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Commencement Exercises -- May 15, 2011shanleycommencemt1.jpg

Rev. Brian J. Shanley, O.P. '80

Let me begin by offering my congratulations to the graduating Class of 2011 for all of your accomplishments. To the traditional undergraduates: You have been a great class that has really left a mark and I will miss you. To the other graduates--S.C.E. students and graduate students--I have watched you come here at night, after work, for many years, and I admire your discipline, your dedication, and your perseverance.

It is customary on occasions such as this for a speaker like me to quote a famous author and offer a gloss on the text. The premise is that if Einstein or Plato or Goethe or Ghandi said it, it must be profound. So I poured through recently read books, and even, like our students, Googled themes to find a suitable text. Nothing struck a resonant chord. Then it dawned on me that I had the text that I needed from a completely different source, an author who is not yet famous, but rather a member of the senior class who has asked me to stay anonymous.

On the last day of classes, I returned to Dominic House where I live to find a note slipped under my door. I brought it upstairs, opened it, and read it. It brought tears to my eyes for its beauty. It is the loveliest letter that I have ever received from a student. I will not read all of it, but I want to read the conclusion:

I felt called to write you this little note to let you know that for this student, PC has succeeded. I have encountered Truth here, Truth that I will continue to seek for the rest of my life. The truth that is Jesus Christ… I entered college as an undeclared freshman leaning toward bio, thinking PC would teach me how to make a living. Four years later, I am graduating with a B.A. in Music and the knowledge Providence College has not taught me how to make a living. It has taught me how to make a life. For that I am forever grateful.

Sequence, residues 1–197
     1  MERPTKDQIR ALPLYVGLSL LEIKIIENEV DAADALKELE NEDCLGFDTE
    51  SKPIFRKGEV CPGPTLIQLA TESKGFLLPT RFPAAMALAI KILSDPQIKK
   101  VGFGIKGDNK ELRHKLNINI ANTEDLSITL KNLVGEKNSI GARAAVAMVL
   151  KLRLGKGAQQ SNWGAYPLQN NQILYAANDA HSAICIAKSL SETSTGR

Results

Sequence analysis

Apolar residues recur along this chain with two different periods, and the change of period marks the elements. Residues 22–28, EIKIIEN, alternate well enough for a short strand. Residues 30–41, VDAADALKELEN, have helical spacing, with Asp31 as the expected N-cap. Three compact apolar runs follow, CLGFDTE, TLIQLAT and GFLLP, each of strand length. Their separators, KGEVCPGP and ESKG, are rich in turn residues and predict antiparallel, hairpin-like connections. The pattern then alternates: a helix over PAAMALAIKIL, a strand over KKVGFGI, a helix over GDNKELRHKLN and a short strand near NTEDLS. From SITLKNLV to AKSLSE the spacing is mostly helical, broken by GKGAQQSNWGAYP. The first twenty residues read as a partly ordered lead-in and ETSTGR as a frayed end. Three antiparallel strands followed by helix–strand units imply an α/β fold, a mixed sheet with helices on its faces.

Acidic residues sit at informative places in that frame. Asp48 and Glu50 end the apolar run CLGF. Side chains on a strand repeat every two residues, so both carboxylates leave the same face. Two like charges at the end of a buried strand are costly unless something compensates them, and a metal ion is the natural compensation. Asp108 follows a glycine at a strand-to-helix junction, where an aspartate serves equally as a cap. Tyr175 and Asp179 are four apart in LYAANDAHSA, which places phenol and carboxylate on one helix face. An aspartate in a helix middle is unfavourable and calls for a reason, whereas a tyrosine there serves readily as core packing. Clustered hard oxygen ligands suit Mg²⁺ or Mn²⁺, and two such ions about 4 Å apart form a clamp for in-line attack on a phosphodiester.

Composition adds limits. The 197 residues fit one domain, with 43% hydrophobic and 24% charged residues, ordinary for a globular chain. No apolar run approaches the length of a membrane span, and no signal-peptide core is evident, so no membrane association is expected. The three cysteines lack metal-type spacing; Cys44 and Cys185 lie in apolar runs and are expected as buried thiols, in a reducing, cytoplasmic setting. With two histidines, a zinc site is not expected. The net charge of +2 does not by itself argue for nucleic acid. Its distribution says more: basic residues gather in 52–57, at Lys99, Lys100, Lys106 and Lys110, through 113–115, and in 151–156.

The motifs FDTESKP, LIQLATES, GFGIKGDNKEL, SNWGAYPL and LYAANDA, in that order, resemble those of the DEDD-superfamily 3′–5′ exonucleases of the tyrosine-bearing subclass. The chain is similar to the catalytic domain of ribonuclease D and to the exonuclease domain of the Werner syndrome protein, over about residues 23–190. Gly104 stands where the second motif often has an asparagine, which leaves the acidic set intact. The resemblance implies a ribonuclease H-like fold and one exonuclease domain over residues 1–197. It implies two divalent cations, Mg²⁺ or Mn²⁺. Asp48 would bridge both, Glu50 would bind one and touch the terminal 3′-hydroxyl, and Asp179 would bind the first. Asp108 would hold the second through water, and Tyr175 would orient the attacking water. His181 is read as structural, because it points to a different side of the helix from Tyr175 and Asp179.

This note focuses on three things that I hope and pray are true in some way for all of you: First, I hope that you have learned to love and seek the truth for the rest of your lives. The motto of the College is Veritas, truth, and it is what will set you free and draw you to the God who is truth. Seek the truth always in your lives. Second, I hope that you have learned how to make a life. You will make a living at doing something for the large part of your day--and making a living is part of making a life--but there is more to the meaning of life than making a living. You have learned enough at Providence College to make a meaningful life--that task lies before you: make one. Finally, I hope that you have learned to express gratitude. The great Dominican saint Meister Eckhart once said: If the only prayer you say in your whole life is 'thank you' that would suffice. You should say thank you today to everyone who made this day possible, to your parents and family who supported you, to your friends who shaped you, to the teachers who taught you, to the God whose providence led you to this day. Love of Truth, a meaningful life, and a grateful heart are the gifts that I hope Providence College has given you. Go now and give them to others.

--30--

 
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